Co-founders Elena Rue and Catherine Orr on being pregnant at the same time

The two co-founders were both already parents. They’d done the pregnancy thing before. Then they found out they both were pregnant again, and at the same time.

Elena Rue and Catherine Orr are co-founders of StoryMine Media, a company that creates documentary videos for mission-driven organizations. They’d been in business together for years, and were both already parents to young children. Yet they’d been able to balance being co-founders because one was always able to cover for the other one if a pregnancy came up.

This time, however, they were due within weeks of each other!

Both co-founders pregnant? Use it as a kick in the pants

Yet instead of panic and think that the business was over, they decided to talk about how to go about planning for pregnancies as entrepreneurs in a different way. They decided to use their joint pregnancies as a kick in the pants to implement changes that they’d been wanting to make as a business for years.

The intersection of entrepreneurship and pregnancy is a place I’m fascinated with at Startup Pregnant, and every interview we do shares another story of how to tackle this life design challenge in new and interesting ways. How can we make business better because of pregnancy? What if we looked at our bodies slowing down or our need for rest not as a curse on business, but as a fascinating opportunity for renovation and re-design?

Not that we’re saying this is easy

None of us are saying that this is easy or wonderful to go through—change sometimes feels like it comes through with a sledgehammer—but it is, in some cases, an opportunity for growth and leveling up.

  • How to unroll your pregnancies and announce them strategically (and where the balance is between being authentic and also being strategic).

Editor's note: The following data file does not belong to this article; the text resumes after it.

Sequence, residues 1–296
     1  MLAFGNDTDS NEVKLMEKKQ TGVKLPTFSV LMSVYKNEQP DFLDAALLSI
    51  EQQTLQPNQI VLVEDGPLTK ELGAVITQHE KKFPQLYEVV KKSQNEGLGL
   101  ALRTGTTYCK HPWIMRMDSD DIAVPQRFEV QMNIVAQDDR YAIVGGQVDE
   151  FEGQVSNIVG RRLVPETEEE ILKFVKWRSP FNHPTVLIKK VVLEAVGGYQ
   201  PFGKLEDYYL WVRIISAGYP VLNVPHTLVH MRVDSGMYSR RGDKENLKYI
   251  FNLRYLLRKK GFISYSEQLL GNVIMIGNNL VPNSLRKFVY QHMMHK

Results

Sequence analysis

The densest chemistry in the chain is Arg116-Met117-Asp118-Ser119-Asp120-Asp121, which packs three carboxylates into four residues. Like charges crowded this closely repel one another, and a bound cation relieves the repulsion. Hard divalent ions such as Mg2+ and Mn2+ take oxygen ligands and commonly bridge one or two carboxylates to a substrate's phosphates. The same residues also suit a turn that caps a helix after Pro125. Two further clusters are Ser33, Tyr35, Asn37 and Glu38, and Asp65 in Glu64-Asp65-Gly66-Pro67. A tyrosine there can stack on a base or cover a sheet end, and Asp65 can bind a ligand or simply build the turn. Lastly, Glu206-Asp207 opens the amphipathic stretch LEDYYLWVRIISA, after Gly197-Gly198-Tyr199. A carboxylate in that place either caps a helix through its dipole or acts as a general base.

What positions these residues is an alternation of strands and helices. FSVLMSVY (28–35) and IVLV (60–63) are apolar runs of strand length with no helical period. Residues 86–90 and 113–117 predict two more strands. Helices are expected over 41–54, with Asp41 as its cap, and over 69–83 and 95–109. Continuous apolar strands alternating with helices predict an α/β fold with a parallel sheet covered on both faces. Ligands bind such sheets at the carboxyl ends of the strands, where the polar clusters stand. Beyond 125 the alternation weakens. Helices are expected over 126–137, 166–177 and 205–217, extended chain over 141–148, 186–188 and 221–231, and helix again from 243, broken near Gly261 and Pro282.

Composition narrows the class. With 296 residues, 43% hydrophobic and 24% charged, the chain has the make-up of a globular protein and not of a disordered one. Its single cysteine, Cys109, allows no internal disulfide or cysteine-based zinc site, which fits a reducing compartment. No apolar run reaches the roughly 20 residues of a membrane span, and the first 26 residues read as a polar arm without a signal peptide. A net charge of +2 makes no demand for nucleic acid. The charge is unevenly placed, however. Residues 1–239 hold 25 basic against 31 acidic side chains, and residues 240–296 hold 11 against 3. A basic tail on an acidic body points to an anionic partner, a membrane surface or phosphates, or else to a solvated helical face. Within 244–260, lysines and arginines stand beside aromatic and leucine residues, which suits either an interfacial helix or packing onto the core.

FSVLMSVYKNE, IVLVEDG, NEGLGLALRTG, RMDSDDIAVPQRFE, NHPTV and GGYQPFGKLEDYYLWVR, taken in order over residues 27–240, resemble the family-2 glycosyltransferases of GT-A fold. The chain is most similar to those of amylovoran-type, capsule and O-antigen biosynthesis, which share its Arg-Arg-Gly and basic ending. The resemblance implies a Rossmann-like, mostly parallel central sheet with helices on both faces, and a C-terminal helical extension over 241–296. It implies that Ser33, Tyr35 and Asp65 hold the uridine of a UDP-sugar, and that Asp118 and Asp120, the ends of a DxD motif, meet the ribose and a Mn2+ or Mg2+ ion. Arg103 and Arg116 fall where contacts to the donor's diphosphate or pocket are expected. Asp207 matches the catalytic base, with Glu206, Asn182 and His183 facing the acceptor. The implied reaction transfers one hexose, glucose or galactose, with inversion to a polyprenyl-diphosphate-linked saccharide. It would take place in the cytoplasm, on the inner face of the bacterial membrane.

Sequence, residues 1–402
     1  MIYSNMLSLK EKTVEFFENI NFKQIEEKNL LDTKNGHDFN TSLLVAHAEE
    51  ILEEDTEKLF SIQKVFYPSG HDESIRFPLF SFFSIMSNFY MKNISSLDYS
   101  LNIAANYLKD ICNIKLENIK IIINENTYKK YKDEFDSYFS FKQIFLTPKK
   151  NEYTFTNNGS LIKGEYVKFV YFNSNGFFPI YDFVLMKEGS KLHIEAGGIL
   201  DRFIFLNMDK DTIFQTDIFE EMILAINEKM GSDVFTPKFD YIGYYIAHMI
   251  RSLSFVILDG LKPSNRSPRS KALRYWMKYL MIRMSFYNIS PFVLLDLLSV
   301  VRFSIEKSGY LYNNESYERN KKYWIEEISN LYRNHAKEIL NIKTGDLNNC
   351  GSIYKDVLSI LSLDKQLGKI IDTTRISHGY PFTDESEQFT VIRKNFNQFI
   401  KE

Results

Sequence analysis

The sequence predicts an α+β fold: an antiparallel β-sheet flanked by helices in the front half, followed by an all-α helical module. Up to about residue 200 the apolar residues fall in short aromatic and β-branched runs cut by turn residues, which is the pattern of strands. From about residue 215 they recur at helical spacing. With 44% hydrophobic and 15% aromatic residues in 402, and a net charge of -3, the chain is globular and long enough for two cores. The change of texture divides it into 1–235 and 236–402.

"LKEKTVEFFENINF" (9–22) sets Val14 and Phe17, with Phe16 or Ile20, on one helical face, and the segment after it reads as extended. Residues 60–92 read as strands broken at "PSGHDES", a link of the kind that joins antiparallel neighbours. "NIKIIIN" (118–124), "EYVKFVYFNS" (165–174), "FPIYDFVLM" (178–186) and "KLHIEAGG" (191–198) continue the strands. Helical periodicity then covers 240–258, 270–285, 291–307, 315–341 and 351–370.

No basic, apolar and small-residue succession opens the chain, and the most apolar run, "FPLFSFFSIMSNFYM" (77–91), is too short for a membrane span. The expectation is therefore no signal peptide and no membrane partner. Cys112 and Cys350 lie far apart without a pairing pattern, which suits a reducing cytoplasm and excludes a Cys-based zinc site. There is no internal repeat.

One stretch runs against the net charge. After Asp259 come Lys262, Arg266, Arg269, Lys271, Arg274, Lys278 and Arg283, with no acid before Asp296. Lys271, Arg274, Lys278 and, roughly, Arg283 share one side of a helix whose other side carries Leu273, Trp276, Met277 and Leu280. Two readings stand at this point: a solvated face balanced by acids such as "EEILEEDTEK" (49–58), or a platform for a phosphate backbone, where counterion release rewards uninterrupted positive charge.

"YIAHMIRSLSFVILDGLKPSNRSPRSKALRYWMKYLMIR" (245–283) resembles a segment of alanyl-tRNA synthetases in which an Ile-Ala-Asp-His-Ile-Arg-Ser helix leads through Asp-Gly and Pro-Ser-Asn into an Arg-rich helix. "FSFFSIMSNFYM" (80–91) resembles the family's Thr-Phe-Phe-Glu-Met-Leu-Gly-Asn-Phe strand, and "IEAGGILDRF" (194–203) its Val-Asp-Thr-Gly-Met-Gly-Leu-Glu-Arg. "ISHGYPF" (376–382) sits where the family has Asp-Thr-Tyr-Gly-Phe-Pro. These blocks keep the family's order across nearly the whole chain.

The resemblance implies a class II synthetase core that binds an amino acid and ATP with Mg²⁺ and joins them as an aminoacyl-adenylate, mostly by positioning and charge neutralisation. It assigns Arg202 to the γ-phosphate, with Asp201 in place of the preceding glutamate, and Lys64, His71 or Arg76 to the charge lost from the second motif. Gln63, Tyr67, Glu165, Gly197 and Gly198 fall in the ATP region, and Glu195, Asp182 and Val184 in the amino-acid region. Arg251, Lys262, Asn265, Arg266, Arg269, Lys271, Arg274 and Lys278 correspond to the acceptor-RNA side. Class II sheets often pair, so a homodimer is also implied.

• Using pregnancy as a leverage point and changing project timelines, expectations, and deliverables accordingly.
  • How to build a better team, and get better at building teams overall.
  • Why they finally took advice they’d been hearing over and over again and actually implemented it (pregnancy was the thing that made them take the advice to heart, and take action).

Today you’ll get to hear not just from two pregnant women, but from three pregnant women, all in their third trimesters! Why? I recorded this interview back when I was also 38 weeks pregnant, so you’ll get to hear it all from all of us. Yes, we’ll tell it like it is. Listen in to this joint conversation as we talk about what to do when you find out your co-founder is pregnant at the same time as you.

The Startup Pregnant Podcast Episode #109


Elena Rue:

  • We really love getting deep into a story and looking at all the angles. That’s how our business has developed and how we work with organizations.
  • Documentary videos marry strategy and creativity. We don’t want to just make something beautiful for you that in the end, you’re like, ‘Great, I’m not sure that actually told anybody anything.’ It’s about education as much as storytelling.
  • I was the first one that got pregnant and I approached it from a place of fear. I think I was afraid of the person that I would be on the other end and I thought I would not be as focused, people would forget about me and I would somehow overnight lose all my skills. I just had all these fears about all these potential disasters that could happen and none of them did.
  • I came back just as I was before, a little bit more tired but just as enthusiastic and ready to work. I’m still going to be me and I’m still going to be able to do all the things that I want to do, they’ll just be a little bit of time in between.